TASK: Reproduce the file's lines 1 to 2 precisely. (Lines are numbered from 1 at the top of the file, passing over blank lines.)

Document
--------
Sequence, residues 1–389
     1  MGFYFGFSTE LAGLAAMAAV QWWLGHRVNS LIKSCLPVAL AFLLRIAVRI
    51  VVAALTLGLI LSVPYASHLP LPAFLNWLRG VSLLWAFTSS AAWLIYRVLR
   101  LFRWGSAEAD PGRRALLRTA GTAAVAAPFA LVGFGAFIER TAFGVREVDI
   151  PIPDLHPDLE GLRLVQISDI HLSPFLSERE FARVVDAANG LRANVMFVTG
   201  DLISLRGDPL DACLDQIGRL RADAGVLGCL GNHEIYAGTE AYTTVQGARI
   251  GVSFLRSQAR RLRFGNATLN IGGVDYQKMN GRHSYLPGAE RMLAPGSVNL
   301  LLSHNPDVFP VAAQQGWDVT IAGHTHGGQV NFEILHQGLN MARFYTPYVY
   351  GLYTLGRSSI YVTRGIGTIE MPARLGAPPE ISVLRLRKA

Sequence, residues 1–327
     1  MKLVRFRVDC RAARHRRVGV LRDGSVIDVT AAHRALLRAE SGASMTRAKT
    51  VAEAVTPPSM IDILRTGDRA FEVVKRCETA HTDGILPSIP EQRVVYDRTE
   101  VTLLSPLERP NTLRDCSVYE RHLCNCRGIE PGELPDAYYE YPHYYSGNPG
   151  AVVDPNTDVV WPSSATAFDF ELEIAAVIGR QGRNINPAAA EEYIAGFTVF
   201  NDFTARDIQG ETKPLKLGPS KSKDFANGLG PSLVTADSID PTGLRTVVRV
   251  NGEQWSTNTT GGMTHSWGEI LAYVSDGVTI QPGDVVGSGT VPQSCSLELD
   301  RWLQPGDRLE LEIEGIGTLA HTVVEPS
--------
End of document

Sequence, residues 1–389
     1  MGFYFGFSTE LAGLAAMAAV QWWLGHRVNS LIKSCLPVAL AFLLRIAVRI